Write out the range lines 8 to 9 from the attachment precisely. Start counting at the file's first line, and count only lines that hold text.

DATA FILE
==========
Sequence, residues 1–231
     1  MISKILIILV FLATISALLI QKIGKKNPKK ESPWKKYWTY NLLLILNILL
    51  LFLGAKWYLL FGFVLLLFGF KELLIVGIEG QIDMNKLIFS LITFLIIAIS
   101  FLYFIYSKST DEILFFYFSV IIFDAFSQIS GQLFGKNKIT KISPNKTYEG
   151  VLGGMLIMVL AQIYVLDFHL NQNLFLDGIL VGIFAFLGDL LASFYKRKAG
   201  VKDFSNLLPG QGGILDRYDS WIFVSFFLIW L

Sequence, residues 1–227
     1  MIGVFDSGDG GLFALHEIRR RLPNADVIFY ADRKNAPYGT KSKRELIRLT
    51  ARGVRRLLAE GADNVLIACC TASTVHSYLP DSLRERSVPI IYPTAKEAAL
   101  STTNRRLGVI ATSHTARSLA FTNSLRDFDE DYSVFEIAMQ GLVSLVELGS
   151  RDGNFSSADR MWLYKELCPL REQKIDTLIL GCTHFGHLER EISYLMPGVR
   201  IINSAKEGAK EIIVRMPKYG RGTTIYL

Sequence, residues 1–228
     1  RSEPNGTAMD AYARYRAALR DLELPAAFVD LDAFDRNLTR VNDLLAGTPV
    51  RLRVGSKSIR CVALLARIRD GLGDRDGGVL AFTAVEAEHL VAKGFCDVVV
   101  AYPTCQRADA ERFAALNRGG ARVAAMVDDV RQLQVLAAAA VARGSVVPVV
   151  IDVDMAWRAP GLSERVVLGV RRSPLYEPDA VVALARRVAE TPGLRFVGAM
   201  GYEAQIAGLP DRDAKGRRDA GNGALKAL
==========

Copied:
     1  MIGVFDSGDG GLFALHEIRR RLPNADVIFY ADRKNAPYGT KSKRELIRLT
    51  ARGVRRLLAE GADNVLIACC TASTVHSYLP DSLRERSVPI IYPTAKEAAL